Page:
Posted on by Erin | Earnest Home

herringbone paint walls

So, I definitely painted the walls in my bar to emulate this wallpaper that I’d been adoring.  I had shown you all my plans last week and I was surprised by the responses.  After all of your feedback, I decided to tackle the paint.  I thought, I could always wallpaper over the paint if I botch it.  I will say that I love the way it turned out, although it was really difficult and a huge pain.  Unless you’re doing plain walls with no trim, doorways, angles, or curves I have to honestly say that I wouldn’t necessarily recommend it.

Do I love how it looks?  Sure.  Do I think it looks as good as if I were to attempt wallpaper in the same space? Probably. Did it almost induce tears? Yes.

The project as a whole wasn’t terribly difficult, it just took a lot of patience.   I really got up-close and personal with some ScotchBlue™ Painter’s Tape and my Sherwin Williams paint in Uncertain Grey during the process, but I find all of that taping kind of cathartic.  It took a lot of little chunks of time, waiting for drying, repeated painting, etc. Aside from the tedious details and the waiting, the biggest issue was the uneven walls and the difficulty to get a regular pattern on an irregular surface.

herringbone walls paint effect

painted herringbone walls

The effect is textural and subtle.  I used a grey instead of the beige of the original wallpaper because I plan to paint my entryway navy blue and wanted a nice bridge between navy and the green tea color in our kitchen.  You can continue reading for the step by step on how I executed this feat!

herringbone walls process copy

herringbone walls - paint effect

I started by painting the entire room white.  I measured out ten inch segments and taped off the segments with ScotchBlue Painters Tape, making sure that every other stripe was the full ten inch width.  I started by painting every other stripe with my darker color and made a diagonal texture with a hair comb.  I went in the same downward direction on each of these stripes. I used a very ‘rigged’ triangle as a template that I made out of a yardstick because I wanted a 30 degree angle.  I’d recommend just buying a regular old triangle and doing a 45 degree.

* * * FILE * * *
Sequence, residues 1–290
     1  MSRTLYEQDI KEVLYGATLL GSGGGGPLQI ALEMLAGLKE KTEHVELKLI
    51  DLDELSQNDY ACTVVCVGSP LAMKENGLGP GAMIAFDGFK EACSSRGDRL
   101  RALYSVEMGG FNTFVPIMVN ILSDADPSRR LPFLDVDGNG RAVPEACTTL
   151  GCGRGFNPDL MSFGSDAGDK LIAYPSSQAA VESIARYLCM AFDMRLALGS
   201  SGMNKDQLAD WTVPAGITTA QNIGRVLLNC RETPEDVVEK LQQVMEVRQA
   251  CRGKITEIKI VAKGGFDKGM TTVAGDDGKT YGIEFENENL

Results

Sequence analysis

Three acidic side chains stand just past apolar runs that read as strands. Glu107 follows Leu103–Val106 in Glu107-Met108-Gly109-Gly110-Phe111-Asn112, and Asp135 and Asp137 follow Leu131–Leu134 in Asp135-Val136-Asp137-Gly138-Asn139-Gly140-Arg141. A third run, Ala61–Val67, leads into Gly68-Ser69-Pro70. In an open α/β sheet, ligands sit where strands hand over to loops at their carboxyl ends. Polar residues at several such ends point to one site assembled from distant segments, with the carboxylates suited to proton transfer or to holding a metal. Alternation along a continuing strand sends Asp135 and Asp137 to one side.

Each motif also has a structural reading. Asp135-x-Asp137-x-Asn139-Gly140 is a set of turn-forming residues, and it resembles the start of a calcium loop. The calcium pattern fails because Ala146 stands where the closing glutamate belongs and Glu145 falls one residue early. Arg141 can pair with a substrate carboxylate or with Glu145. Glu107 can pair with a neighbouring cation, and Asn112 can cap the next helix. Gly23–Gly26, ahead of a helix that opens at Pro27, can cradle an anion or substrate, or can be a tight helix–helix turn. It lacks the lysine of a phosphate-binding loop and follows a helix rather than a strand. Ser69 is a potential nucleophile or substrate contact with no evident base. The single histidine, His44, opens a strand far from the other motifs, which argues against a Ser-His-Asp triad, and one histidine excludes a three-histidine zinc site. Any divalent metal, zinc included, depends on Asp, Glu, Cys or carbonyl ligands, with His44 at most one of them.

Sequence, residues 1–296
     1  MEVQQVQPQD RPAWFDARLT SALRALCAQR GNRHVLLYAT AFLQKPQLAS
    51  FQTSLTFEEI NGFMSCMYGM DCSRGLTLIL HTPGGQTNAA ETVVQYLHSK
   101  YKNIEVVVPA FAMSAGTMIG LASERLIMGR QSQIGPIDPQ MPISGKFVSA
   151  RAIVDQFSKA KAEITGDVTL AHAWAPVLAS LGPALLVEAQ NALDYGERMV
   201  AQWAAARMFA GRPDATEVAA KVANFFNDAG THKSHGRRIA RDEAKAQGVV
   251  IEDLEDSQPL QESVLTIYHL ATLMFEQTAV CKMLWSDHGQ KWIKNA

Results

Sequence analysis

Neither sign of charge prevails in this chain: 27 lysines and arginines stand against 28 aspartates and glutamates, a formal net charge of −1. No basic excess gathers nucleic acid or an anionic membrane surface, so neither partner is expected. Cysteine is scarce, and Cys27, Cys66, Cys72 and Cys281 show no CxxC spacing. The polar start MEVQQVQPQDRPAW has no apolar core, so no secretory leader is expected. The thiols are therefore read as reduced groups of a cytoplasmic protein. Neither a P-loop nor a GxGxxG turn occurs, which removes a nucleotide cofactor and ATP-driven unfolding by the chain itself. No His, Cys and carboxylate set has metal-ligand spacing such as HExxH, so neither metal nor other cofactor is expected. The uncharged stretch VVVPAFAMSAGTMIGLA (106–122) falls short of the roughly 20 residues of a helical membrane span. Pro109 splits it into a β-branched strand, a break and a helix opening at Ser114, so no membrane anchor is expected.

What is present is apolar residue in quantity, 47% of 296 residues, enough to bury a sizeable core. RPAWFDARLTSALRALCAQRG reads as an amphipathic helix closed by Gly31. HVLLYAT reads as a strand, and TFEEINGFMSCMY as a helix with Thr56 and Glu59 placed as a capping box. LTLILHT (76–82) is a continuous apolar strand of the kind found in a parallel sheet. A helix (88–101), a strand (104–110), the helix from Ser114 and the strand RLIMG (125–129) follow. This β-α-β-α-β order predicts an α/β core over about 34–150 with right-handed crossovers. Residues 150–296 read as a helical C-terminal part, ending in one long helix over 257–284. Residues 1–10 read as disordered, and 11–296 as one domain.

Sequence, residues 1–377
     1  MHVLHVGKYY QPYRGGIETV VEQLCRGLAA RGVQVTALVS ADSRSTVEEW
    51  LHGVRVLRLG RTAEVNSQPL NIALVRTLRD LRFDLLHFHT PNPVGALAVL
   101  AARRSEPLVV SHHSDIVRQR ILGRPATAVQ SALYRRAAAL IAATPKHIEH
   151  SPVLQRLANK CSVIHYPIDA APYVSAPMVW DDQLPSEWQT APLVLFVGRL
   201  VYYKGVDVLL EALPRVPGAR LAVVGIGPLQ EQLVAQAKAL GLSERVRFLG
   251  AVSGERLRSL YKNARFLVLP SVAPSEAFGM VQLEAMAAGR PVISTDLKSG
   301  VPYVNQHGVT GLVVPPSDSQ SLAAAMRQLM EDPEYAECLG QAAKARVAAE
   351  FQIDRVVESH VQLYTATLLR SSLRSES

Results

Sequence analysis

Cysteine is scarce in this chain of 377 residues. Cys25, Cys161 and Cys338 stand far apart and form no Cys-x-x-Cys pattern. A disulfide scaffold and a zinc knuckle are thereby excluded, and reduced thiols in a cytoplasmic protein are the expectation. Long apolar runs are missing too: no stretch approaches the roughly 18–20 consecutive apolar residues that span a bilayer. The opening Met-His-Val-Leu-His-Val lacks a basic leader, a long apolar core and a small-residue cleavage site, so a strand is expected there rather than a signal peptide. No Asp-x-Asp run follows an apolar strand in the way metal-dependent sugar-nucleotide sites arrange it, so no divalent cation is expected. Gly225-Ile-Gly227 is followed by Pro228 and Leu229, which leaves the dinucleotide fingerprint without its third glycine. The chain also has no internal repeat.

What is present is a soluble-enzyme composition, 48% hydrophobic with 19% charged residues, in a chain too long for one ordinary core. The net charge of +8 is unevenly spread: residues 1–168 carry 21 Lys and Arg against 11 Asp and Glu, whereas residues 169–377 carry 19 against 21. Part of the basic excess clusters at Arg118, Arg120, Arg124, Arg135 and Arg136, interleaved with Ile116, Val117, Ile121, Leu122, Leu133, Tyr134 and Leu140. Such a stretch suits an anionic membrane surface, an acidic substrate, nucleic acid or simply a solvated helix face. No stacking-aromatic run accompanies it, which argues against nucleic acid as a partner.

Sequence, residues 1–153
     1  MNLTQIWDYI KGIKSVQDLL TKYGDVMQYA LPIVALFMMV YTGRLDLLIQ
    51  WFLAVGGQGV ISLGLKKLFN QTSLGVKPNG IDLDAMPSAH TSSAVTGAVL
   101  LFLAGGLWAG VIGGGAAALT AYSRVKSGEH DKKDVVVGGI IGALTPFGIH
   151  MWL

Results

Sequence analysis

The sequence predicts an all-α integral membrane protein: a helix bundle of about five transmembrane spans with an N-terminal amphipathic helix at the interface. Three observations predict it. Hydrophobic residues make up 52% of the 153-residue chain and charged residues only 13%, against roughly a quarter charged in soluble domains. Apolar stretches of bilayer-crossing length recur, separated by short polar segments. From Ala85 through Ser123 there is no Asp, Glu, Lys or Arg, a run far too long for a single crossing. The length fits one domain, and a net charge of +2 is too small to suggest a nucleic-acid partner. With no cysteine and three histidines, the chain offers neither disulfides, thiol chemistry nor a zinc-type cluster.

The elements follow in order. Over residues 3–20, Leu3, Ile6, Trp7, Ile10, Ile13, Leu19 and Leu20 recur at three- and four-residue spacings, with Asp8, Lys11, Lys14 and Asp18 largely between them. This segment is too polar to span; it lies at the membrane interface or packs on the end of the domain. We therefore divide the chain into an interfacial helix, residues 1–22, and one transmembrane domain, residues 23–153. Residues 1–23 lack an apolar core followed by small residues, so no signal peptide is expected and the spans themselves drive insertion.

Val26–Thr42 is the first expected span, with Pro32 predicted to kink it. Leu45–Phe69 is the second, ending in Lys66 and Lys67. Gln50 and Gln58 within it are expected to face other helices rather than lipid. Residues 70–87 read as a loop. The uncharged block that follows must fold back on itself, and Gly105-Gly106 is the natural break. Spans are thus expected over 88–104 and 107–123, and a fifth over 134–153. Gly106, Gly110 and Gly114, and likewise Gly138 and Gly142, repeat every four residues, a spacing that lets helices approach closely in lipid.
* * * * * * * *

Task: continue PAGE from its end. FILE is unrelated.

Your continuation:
herringbone wall tutorial copy

herringbone paint effect

Once all of the stripes in that one direction were complete and the paint was 100% dry, I removed the tape and re-taped, exposing the full 10 inches of the alternating white stripes.  I repeating the painting and combing action, but in the opposite direction. Then, once that paint was dry, I un-taped everything to reveal the pattern!

painted herringbone on walls

I’m sure you can imagine with all of the taping, un-taping, re-taping, it’s a laborious project, but I do love how it turned out.  What are your thoughts?  Any desire to tackle a similar challenge?

 

If you’ve got a need to paint something, but aren’t necessarily up for the walls, connect with ScotchBlue via ScotchBlue™ Painter’s Tape Facebook Page, and ScotchBlue™ Painter’s Tape Twitter Page!

 

 

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This post is a collaboration with ScotchBlue™ Painter’s Tape. To join the creative community, visit www.facebook.com/ScotchBlue.